Philipp Elssner will officially join the DaPonte String Quartet in June. Photo courtesy of Philipp Elssner.

Philipp Elssner actually wanted to play the trumpet first.

He was 5 years old, and his family had recently immigrated to the United States from Germany. His parents always said he was the “most musical infant” of their three children. But an instructor told his family that children that young have not yet developed the required mouth muscles for that instrument, so Elssner picked up a violin instead.

Now, at 24, he is the newest member of the DaPonte String Quartet. The ensemble formed in 1991 in Philadelphia but moved to Maine a few years later and has been based here ever since. They have been looking for a new violinist for more than a year, since Elssner’s predecessor, Ferdinand “Dino” Liva, had to step back from his role for medical reasons. (He’s still involved as staff.)

Elssner will join the quartet officially in June. He studied violin and music theory during his undergraduate years at the Cleveland Institute of Music and recently completed his master’s degree in music theory at McGill University in Montreal. His family has lived in Ohio, Maine and North Carolina. They still have a house in Northport, where he is living now.

What do you love about playing the violin?

I think because I find I can communicate best through music. It’s such a cathartic experience playing a really beautiful piece of music, and I feel like I can best express all aspects of my personality when I’m playing that, maybe, I have a harder time expressing through words. I just love being in front of audiences, too. It’s really nice to be able to share something that I love so dearly with an audience and then seeing how they react, and just feeling that energy is kind of addictive.


What do you think having that background in music theory adds to your experience playing the music, working as a violinist?

Most of all, it adds depth to the performances. Because it’s easy to just play the notes on the page. And that can be a relatively convincing performance in itself, but if you really understand why the composer chose to write it the way they did, or if you understand more about the larger structure, the deeper structure of the music, I think you’re able to make a more compelling performance and really tell a story with the music, too.

What are you excited about in being part of the quartet?

The other musicians are all wonderful, of course, and they have such a depth of experience, having played professionally for so many years. They’ve played so many pieces in the repetoire that I honestly feel like I’m going to learn a lot, which is great, because I love learning more about music. And as I said, I love performing. I really love performing in my own community. So to be able to play very often up and down the coast of Maine and inland, too, is really a dream come true. And I’m really looking forward to bringing more music to people I know and people I don’t know yet. …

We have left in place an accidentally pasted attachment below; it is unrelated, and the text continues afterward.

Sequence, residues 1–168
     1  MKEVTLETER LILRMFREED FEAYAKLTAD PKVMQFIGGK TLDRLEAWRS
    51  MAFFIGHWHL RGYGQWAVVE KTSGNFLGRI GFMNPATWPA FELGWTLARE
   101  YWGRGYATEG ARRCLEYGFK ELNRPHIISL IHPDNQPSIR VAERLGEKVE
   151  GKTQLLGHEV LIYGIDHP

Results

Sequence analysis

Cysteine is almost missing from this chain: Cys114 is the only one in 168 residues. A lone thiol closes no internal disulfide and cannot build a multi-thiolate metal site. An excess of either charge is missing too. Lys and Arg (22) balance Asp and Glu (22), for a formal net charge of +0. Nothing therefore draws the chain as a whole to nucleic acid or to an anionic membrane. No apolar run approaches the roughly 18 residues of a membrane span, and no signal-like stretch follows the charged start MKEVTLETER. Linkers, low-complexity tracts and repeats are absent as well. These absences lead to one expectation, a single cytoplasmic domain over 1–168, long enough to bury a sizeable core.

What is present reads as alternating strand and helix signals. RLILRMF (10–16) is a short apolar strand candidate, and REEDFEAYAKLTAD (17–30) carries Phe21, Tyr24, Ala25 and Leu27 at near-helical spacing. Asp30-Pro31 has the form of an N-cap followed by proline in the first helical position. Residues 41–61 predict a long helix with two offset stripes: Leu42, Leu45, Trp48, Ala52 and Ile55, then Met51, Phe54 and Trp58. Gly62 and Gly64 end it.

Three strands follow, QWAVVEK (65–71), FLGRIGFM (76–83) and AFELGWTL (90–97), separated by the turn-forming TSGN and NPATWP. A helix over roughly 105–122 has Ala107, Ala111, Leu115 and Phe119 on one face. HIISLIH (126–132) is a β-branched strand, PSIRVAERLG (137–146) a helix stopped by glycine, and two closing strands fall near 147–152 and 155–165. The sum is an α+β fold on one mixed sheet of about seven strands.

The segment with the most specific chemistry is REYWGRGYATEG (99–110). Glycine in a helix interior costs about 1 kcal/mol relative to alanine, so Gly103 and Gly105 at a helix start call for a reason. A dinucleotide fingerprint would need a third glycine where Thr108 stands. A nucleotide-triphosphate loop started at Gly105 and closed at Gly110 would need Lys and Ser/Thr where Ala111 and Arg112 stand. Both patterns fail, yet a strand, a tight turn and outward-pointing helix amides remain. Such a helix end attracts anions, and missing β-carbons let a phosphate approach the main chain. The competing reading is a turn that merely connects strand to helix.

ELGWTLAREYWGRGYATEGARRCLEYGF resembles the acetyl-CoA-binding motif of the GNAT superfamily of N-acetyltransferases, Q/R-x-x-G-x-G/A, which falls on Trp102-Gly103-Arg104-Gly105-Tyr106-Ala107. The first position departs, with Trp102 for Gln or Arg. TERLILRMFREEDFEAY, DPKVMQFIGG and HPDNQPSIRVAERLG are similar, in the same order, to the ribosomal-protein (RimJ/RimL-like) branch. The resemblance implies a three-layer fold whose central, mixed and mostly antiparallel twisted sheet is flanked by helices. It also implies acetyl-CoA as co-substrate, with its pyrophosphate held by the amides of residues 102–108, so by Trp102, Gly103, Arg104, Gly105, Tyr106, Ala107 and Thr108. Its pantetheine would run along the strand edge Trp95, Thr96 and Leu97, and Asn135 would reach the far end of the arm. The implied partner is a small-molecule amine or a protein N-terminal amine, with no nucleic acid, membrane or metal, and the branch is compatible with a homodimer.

I’m also very excited because I know they like doing recording projects, and they have worked with some great, great audio engineers in that area. I wrote my master’s thesis on recording practices in funk and hip-hop, so anytime I get to do anything with recording and being in a story, it’s fun for me. … I basically got to sit around for a summer, listen to all my favorite non-classical music and delve into the nitty gritty details in a similar way as I do with classical music.

You’ve played in other environments, with orchestras and solo. What quartets are you excited to play? Is there a piece you are itching to try with the DaPonte String Quartet?

There’s lots of things I haven’t yet had the chance to play because I’m still relatively young. I really want to delve into the classics. I want to play some more Mendelssohn. Mendelssohn is one of my favorite composers. I’d like to play more Brahms. We played one of the Brahms quartets in the audition, and that was a real joy for me because those are difficult pieces. And I’ve never had the time or the high level of players to be able to play those things. So I think what I’m most excited is that we’ll have the freedom to play anything because they’re all very capable musicians and we have the time to rehearse. So, honestly, I’m most excited about the diversity of things we’ll end up playing.

Who are your favorite non-classical artists?

I love a lot of funk music. I listen to, like, Sly and the Family Stone. Or more crossover artists, like Earth, Wind and Fire played a big part in my thesis because they have such a great big ensemble, big band. Bobby Womack is one of my favorite soul singers. And then I wrote a little bit about very recent trap music because I think it’s really interesting, and I especially enjoy Young Thug’s music, which is about as far as you can get from classical music, I’d say. But maybe that’s why I like it. It’s kind of countercultural in some ways, and it’s exciting and I think really musically interesting, too.

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